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2011 Personal Statements – From Field To Fortunes

March 14, 2011

2011 Personal Statements – From Field To Fortunes

March 14, 2011

From Field To Fortunes

It’s four in the morning when I head towards the vegetable and cow feed farm on a small parcel of land owned by our family. My hands are numb from the cold morning air. I clench my fingers around a large spade and walk towards the water tank. I open the outlet for water and rush back to the farm to irrigate the plants. By 8 AM I am back home for breakfast. Soon after, I take the cows for grazing. The air feels damp and I am scorched and thirsty from the intense heat of the summer sun. I finish grazing cows and head back homeward by noon.

By the age of four, I began to realize that my parents were poor and that they had been trying to sustain life by having the entire family work all day in the farm. In a good year, we could get by what we grew and sell. My mother, father and younger brother all worked on our farm day in and day out. My mother was often absent due to her ongoing illnesses. Our lives have always been difficult, with little hope for a better tomorrow. But at the age of five, one man – Dr. George – offered me a chance at a new life of living and studying at Shanti Bhavan, a school and home for children from some of India’s most socially and economically disadvantaged families. I didn’t understand at the time that this chance was a turning point in my family’s life.

Shanti Bhavan has given me the opportunity to pursue my dreams and, in doing so, pursue my family’s as well. With its support, I now hold the power to remove the shackles in which my family is confined. My family has suffered discrimination, injustice, and indifference. There have been many atrocities committed against my family and, as a result, my parents suffered a lot during the first years of their life together. A majority of these troubles were a direct result of my father’s brothers, who fought with him often over finances and land. For example, my father and his two brothers decided to drill a bore well when I was a child. My father paid for the drilling, while all the three brothers benefitted from it. In the end, no money was returned to him for the cost of drilling the well. Similarly, three years later, my father and his brothers sold a eucalyptus field to make some money. My father’s brothers took the larger part of the share, leaving almost nothing for our family.

As a result of the many troubles – financial and otherwise – that my family continues to face, my parents are trying to make ends meet. With that in my mind, I face every day with the challenge in my life: to save my family from poverty and the inferior status that society has placed them in based on their socioeconomic status. This responsibility to my parents has given me the strength and determination to become successful. I am working hard to study the fields of science and engineering at the Indian Institute of Science (IISc).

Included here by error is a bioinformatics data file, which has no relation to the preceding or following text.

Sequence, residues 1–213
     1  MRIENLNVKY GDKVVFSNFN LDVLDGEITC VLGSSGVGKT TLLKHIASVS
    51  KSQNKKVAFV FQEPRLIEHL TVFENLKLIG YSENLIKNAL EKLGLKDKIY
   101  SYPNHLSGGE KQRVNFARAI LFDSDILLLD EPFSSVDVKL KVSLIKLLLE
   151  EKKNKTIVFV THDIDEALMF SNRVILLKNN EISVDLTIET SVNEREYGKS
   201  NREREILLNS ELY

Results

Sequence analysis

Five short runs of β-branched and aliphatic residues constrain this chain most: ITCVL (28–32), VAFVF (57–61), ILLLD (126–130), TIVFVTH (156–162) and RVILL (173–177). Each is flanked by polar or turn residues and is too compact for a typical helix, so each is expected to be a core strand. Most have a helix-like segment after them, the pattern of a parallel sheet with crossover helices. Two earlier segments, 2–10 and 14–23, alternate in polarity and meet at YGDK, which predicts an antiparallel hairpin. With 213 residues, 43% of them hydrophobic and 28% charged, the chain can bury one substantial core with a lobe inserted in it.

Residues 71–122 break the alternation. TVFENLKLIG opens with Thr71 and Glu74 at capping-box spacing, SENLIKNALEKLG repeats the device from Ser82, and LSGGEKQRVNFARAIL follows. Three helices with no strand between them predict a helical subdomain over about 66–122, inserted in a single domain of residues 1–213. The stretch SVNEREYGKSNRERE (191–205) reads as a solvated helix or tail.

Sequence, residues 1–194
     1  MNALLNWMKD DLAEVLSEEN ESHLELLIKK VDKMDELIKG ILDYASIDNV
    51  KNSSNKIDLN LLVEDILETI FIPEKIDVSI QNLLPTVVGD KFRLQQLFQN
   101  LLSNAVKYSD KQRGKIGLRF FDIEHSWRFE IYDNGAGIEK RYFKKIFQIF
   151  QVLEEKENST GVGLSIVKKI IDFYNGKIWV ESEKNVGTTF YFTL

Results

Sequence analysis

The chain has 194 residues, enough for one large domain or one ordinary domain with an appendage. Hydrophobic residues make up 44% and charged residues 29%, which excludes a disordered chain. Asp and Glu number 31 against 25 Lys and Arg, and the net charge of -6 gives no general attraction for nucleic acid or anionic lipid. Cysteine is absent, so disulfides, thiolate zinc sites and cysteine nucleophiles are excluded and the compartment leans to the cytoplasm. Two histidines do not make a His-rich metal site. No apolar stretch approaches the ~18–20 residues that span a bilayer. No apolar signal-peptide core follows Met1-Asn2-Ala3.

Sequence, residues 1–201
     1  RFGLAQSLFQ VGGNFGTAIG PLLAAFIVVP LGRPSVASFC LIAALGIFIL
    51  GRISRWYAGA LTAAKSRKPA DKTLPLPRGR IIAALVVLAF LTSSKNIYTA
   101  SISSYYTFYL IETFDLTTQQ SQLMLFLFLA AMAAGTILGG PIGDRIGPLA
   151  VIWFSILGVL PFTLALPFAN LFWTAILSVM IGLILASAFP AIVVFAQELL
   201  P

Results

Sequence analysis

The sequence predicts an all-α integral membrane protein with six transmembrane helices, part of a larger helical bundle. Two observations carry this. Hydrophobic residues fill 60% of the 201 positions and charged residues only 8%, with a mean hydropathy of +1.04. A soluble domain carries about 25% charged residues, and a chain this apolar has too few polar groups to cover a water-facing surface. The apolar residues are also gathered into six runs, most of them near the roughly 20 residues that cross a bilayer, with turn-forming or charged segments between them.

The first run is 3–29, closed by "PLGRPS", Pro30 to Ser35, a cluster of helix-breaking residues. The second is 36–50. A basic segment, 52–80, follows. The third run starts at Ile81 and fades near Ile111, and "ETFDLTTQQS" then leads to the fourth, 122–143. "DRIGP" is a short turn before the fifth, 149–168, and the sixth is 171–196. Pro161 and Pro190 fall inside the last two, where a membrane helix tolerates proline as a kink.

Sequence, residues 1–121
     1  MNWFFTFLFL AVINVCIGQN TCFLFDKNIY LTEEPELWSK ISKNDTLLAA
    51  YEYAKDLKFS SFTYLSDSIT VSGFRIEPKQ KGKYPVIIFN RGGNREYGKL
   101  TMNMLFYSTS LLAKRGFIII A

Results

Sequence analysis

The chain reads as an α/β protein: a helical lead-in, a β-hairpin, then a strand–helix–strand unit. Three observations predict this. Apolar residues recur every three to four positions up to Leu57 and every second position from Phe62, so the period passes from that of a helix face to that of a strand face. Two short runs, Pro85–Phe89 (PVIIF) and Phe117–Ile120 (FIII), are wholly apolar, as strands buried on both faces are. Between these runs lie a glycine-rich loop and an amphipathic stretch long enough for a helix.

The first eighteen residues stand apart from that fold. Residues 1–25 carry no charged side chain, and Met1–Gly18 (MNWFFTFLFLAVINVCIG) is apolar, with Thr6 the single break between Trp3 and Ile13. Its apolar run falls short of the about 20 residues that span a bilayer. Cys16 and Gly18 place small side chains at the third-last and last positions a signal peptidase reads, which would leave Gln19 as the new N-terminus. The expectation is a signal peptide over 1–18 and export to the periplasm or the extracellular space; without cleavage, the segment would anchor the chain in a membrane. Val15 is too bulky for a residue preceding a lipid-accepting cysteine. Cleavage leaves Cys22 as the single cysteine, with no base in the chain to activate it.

After college, I plan to give back a lot to my family and community, as well as those who have helped me succeed, particularly Shanti Bhavan. I am grateful to the people who have helped me get to this point in my life. I will both donate and give my time as voluntary service to Shanti Bhavan. Shanti Bhavan is not only a quality institution of education, but also a haven of peace. It has given me the opportunity to study and earn a good job. If it were not for Shanti Bhavan, I would have struggled for food, love, and education each day. Furthermore, Shanti Bhavan has opened my eyes to the world.

Volunteers from all over the world visit our school. They are Broadway stars, musicians, artists, college students and working professionals. These visitors enrich our education and shape our perspectives by sharing their experiences with us. For example, we once had volunteers from Wharton University. These business students taught us about investing and starting a company, a valuable and eye-opening seminar. Outside of my academics, I have been exposed to a broad variety of activities that have strengthened my life skills and my social skills. The Socially Useful Productive Work (SUPW) program, a segment of our board exams, is an interactive and interesting activity, which ensures that we are moral environmental citizens, in keeping with the Shanti Bhavan culture. For this project, we are assigned specific community service tasks, such as conducting campus maintenance and doing our laundry. These are just a few of many skills and values that I will depart Shanti Bhavan with.

As the morning dawns once again, the same boy who was working in the field is headed in a new direction. I am headed towards big success because of the opportunity that Shanti Bhavan has given me.

If you or a loved one would like to support one of our college students, please learn how you can donate to our college fund.

Meet the rest of the Shanti Bhavan Class of 2011.

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